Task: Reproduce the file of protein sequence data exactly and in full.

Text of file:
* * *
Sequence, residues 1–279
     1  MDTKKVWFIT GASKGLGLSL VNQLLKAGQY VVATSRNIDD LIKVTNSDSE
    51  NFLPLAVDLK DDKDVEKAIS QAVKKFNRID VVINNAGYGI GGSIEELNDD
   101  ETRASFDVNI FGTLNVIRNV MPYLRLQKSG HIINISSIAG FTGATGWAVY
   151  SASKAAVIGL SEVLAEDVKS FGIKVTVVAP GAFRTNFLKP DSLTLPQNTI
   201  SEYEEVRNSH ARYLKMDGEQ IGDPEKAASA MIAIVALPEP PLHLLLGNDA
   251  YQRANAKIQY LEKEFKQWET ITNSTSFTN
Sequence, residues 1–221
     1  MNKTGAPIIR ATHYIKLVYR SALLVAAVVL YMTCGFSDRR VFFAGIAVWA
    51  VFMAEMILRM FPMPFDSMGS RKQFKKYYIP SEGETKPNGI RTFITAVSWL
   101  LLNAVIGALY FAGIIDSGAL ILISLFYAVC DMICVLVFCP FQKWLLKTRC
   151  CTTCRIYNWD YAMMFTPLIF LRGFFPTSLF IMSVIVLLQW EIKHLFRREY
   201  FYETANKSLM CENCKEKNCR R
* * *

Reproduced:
Sequence, residues 1–279
     1  MDTKKVWFIT GASKGLGLSL VNQLLKAGQY VVATSRNIDD LIKVTNSDSE
    51  NFLPLAVDLK DDKDVEKAIS QAVKKFNRID VVINNAGYGI GGSIEELNDD
   101  ETRASFDVNI FGTLNVIRNV MPYLRLQKSG HIINISSIAG FTGATGWAVY
   151  SASKAAVIGL SEVLAEDVKS FGIKVTVVAP GAFRTNFLKP DSLTLPQNTI
   201  SEYEEVRNSH ARYLKMDGEQ IGDPEKAASA MIAIVALPEP PLHLLLGNDA
   251  YQRANAKIQY LEKEFKQWET ITNSTSFTN
Sequence, residues 1–221
     1  MNKTGAPIIR ATHYIKLVYR SALLVAAVVL YMTCGFSDRR VFFAGIAVWA
    51  VFMAEMILRM FPMPFDSMGS RKQFKKYYIP SEGETKPNGI RTFITAVSWL
   101  LLNAVIGALY FAGIIDSGAL ILISLFYAVC DMICVLVFCP FQKWLLKTRC
   151  CTTCRIYNWD YAMMFTPLIF LRGFFPTSLF IMSVIVLLQW EIKHLFRREY
   201  FYETANKSLM CENCKEKNCR R